NEW YORK (Thomson Reuters Foundation) - When actress Gillian Anderson chose to appear in a new movie about a Nepali girl who is unwittingly sold by her impoverished parents to an Indian brothel, her decision had nothing to do with the part, she says.
Rather she was drawn to what the film, “SOLD”, which opens in New York this week reveals - the exploitation of millions of girls who are sold into sexual slavery around the world.
“It’s not the role. It’s got to do with the campaign,” the American actress told the Thomson Reuters Foundation.
The film juxtaposes breathtaking scenery shots of the Himalayas with gruesome images of violence and degradation in the brothel and slum where the girl, named Lakshmi, and others are held captive.
Anderson, known best for her role as Agent Dana Scully in the popular U.S. television series “The X-Files,” plays a photographer who joins forces with an activist group trying to rescue the enslaved women and children.
Anderson, 47, has been involved in a number of charities, from Neurofibromatosis Inc that supports research into a genetic disorder that afflicted her brother to SA-YES that mentors youth in South Africa.
But the issue of child sex trafficking has risen to the top of her list, she said during a recent media junket promoting the film in New York.
“It’s always important to choose the causes that break our hearts and this, the thought of children being trafficked for sex, breaks my heart,” she said. “So I feel quite empowered and impassioned.”
Globally, nearly 21 million people are victims of human trafficking, a $150 billion industry, according to the United Nation’s International Labour Organization.
Of that total, an estimated 4.5 million people are forced into sex work. Children are estimated to comprise 5.5 million of the overall victims, according to the ILO.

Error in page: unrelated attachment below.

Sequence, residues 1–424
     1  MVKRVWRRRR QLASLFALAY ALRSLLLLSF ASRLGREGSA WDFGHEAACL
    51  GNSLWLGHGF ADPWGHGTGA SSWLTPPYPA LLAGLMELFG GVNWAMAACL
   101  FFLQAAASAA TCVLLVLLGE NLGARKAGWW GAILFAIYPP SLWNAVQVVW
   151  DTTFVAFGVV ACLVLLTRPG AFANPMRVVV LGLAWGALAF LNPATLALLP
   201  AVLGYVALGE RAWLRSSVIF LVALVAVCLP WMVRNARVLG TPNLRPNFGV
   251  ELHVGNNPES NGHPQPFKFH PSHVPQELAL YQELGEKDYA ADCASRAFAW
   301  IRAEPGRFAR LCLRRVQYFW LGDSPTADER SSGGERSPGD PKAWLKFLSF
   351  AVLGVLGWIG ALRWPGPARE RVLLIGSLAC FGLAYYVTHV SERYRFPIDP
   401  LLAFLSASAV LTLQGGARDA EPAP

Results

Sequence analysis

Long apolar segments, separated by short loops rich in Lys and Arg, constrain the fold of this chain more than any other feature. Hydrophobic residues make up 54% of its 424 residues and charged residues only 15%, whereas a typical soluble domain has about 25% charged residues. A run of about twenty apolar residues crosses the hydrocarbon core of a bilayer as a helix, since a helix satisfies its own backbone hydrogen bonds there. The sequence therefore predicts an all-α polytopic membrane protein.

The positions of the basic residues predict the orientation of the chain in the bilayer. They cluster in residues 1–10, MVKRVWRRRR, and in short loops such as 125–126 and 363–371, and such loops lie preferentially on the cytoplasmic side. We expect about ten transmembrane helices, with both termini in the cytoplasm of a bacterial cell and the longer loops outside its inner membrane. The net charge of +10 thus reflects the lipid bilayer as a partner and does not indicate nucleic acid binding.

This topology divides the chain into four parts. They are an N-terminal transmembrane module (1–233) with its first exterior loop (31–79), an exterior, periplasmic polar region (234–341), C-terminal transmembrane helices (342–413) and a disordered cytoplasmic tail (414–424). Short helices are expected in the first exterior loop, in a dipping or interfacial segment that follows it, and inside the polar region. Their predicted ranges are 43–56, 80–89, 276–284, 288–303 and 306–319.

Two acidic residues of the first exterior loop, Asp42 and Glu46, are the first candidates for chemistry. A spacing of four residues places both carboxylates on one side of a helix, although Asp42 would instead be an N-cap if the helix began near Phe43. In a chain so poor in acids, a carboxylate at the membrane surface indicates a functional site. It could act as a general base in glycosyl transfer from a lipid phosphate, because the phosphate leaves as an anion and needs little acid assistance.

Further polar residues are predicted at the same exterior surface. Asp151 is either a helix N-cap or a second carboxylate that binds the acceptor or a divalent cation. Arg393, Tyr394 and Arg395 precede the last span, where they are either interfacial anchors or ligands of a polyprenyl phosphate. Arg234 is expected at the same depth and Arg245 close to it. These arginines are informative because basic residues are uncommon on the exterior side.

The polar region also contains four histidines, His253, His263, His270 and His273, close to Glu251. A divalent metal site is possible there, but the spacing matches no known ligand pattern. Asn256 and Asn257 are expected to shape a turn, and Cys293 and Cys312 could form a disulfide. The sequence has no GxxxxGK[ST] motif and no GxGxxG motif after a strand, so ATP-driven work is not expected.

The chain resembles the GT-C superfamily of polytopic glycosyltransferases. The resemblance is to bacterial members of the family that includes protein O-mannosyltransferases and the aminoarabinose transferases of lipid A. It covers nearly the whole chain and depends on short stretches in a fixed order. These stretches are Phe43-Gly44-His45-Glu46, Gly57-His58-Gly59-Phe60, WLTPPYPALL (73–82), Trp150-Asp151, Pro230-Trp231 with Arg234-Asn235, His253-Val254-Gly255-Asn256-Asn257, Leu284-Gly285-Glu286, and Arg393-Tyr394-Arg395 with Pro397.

“It is so disturbing and so ugly, but what’s important is that it is in our face so that we are moved to action,” Anderson said.
“SOLD” is backed by a campaign called TaughtNotTrafficked which aims to raise awareness of trafficking, support survivors and lobby for government and policy changes in partnership with advocacy groups worldwide.
“The movement behind the film is bigger than the film itself,” she said.
While in limited theatrical release, the 97-minute film can be screened on request through a company listed on the website SOLDtheMovie.com. Such on-demand showings allow people to arrange screenings in markets where it otherwise might not play.
Graphic scenes in the full-length version depict rape, beatings and abuse. But a shorter version suitable to be shown in schools also is available.
“The power of the film is that it has those scenes because that is the reality of what happens,” Anderson said.
“It’s a very difficult movie,” she said. “It’s a difficult subject matter to talk about children being systematically raped but we need to get past that.”
“SOLD” was directed by Jeffrey D. Brown, who won an Academy Award in 1986 for the short film “Molly’s Pilgrim”, and features Indian actress Niyar Saikia as Lakshmi.
Emma Thompson, awarded an Oscar for Best Actress in 1993 for her role in “Howards End,” was executive producer.